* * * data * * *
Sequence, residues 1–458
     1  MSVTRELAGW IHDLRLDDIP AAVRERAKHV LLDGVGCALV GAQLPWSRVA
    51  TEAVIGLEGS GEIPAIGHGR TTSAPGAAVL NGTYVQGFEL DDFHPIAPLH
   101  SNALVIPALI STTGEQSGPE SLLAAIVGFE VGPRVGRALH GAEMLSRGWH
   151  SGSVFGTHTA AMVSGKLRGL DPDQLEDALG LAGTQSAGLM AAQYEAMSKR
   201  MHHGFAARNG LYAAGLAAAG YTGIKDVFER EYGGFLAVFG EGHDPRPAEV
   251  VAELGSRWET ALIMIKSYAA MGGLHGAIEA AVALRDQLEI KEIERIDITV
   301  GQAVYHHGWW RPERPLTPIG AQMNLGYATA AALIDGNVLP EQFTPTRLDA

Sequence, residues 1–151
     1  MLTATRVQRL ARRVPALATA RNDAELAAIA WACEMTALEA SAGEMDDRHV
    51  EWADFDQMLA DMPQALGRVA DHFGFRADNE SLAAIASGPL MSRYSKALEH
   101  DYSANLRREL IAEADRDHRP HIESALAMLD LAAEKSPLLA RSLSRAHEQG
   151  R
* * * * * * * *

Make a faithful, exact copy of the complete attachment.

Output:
Sequence, residues 1–458
     1  MSVTRELAGW IHDLRLDDIP AAVRERAKHV LLDGVGCALV GAQLPWSRVA
    51  TEAVIGLEGS GEIPAIGHGR TTSAPGAAVL NGTYVQGFEL DDFHPIAPLH
   101  SNALVIPALI STTGEQSGPE SLLAAIVGFE VGPRVGRALH GAEMLSRGWH
   151  SGSVFGTHTA AMVSGKLRGL DPDQLEDALG LAGTQSAGLM AAQYEAMSKR
   201  MHHGFAARNG LYAAGLAAAG YTGIKDVFER EYGGFLAVFG EGHDPRPAEV
   251  VAELGSRWET ALIMIKSYAA MGGLHGAIEA AVALRDQLEI KEIERIDITV
   301  GQAVYHHGWW RPERPLTPIG AQMNLGYATA AALIDGNVLP EQFTPTRLDA

Sequence, residues 1–151
     1  MLTATRVQRL ARRVPALATA RNDAELAAIA WACEMTALEA SAGEMDDRHV
    51  EWADFDQMLA DMPQALGRVA DHFGFRADNE SLAAIASGPL MSRYSKALEH
   101  DYSANLRREL IAEADRDHRP HIESALAMLD LAAEKSPLLA RSLSRAHEQG
   151  R